The long road to equality

SC’s Section 377 verdict brings a belated but soaring moment. It’s a victory for individual and minority rights, underlines primacy of Constitution as a transformative document

By: Editorial | Updated: September 7, 2018 12:15:25 am
Section 377 In the case of Section 377, judiciary has been supported enthusiastically by civil society, more reluctantly by the political class, to deliver a much belated but historic reform.

Section 377 IPC is irrational, indefensible and arbitrary,” the Supreme Court ruled on Thursday while striking down a law that had oppressed India’s LGBT community for more than 150 years. What consenting adults do in their bedrooms is no longer the business of the state. “The sexual orientation of each individual in the society must be protected on an even platform, for the right to privacy and the protection of sexual orientation lie at the core of the fundamental rights guaranteed by Articles 14, 15 and 21 of the Constitution,” the five-judge bench ruled.

That, in itself, makes the verdict historic. But the judgment must also be celebrated for tying the issue of sexual freedom with questions of minority rights, the protection of which is essential in any system that calls itself a constitutional democracy. “Constitutional rights cannot be held hostage to majoritarian consensus and popular morality,” said the apex court.

While striking down Section 377, the five-judge bench delineated the law’s discriminatory character. “Section 377 IPC assumes the characteristic of unreasonableness, for it becomes a weapon in the hands of the majority to seclude, exploit and harass the LGBT community. It shrouds the lives of the LGBT community in criminality and constant fear mars their joy of life. They constantly face social prejudice, disdain and are subjected to the shame of being their very natural selves.”

The judgment then tries to locate homosexuality “as a matter of identity”. “Attitudes and mentality have to change to accept the distinct identity of individuals and respect them for who they are rather than compelling them to become who they are not,” the five-judge bench notes. It quotes scientific research to show that the behaviour is “as much ingrained, inherent and innate as heterosexuality”. In doing so, the bench makes a strong case for the rights of the individual. “The LGBT community possess the same human, fundamental and constitutional rights as other citizens do since these rights inhere in individuals as natural and human rights. Respect for individual choice is the very essence of liberty under law”.

Thursday’s verdict is in line with the apex court’s recent inclination to subject some of its past verdicts to scrutiny — this was most noticeable in last year’s ruling on the privacy issue. In fact, a major portion of that landmark verdict was devoted to Section 377. The court had weighed its 2013 ruling that resuscitated Section 377 against the Delhi High Court’s verdict of 2009 that decriminalised homosexuality and had come out in support of the latter. “Discrimination against an individual on the basis of sexual orientation is deeply offensive to the dignity and self-worth of the individual,” it said.

In a fundamental sense, the verdict that reads down the colonial-era law is an affirmation of the principles that underlay the privacy verdict. “The mere fact that the percentage of population whose fundamental right to privacy is being abridged by the existence of Section 377 in its present form is low does not impose a limitation upon this Court from protecting the fundamental rights of those who are so affected by this Section,” the court has said.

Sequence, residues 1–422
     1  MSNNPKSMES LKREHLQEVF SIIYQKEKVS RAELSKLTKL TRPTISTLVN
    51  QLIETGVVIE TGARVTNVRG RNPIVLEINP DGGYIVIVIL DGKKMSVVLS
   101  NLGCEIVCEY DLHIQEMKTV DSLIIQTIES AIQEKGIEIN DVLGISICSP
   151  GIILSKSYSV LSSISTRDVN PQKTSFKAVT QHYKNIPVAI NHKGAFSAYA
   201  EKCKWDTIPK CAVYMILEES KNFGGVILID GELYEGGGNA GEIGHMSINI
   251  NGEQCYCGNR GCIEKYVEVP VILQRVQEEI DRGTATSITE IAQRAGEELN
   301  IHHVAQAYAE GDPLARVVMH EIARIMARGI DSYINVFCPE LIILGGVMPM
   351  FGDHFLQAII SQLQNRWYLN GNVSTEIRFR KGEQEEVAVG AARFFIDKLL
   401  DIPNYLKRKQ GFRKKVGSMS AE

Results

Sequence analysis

Its words, “The constitutional framers could have never intended that the protection of fundamental rights was only for the majority population,” while intended as a critique of its 2013 judgment, have resonance beyond this case. In fact, the court notes that the “struggles of citizens belonging to sexual minorities is the struggle against various forms of social subordination. This includes various forms of transgression such as inter-caste and inter-community relationships, which are sought to be curbed by society. What links LGBT individuals to couples who love across caste and community lines is the fact that both are exercising their right to love at enormous personal risk and in the process disrupting existing lines of social authority”.

The battle against Section 377 has politicised generations of activists, influenced popular culture, sparked public discussion and debates — within the LGBT community as well — and raised awareness around sexuality and gender-related issues. Thursday’s verdict acknowledges this socio-political context: “The challenge to Section 377 has to be understood from the perspective of a rights discourse. While doing so, it becomes necessary to understand the constitutional source from which the claim emerges. When a right is claimed to be constitutionally protected, it is but necessary for the court to analyse the basis of that assertion”.

The richness of the verdict lies in the way the five judges link their understanding of the discriminatory nature of Section 377 with the role of the Constitution as “a transformative document”. “Our Constitution is a living and organic document capable of expansion with the changing needs and demands of the society”. The verdict calls upon courts to “act as sentinel on qui vive for guarding the rights of all individuals”.

CJI Dipak Misra, introduced the verdict with a call to “vanish, prejudice and embrace inclusion and ensure equal rights”. The judiciary has, time and again, proved it is up to the task. In the case of Section 377, it has been supported enthusiastically by civil society, more reluctantly by the political class, to deliver a much belated but historic reform.

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